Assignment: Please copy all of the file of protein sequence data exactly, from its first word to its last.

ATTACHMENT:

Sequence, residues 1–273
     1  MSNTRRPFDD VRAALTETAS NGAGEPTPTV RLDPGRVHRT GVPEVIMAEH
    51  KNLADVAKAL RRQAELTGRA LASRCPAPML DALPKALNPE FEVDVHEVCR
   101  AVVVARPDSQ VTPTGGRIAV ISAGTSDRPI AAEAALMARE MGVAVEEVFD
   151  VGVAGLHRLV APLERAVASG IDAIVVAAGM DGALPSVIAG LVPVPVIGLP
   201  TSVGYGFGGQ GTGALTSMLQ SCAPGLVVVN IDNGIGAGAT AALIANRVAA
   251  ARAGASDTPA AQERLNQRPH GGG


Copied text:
Sequence, residues 1–273
     1  MSNTRRPFDD VRAALTETAS NGAGEPTPTV RLDPGRVHRT GVPEVIMAEH
    51  KNLADVAKAL RRQAELTGRA LASRCPAPML DALPKALNPE FEVDVHEVCR
   101  AVVVARPDSQ VTPTGGRIAV ISAGTSDRPI AAEAALMARE MGVAVEEVFD
   151  VGVAGLHRLV APLERAVASG IDAIVVAAGM DGALPSVIAG LVPVPVIGLP
   201  TSVGYGFGGQ GTGALTSMLQ SCAPGLVVVN IDNGIGAGAT AALIANRVAA
   251  ARAGASDTPA AQERLNQRPH GGG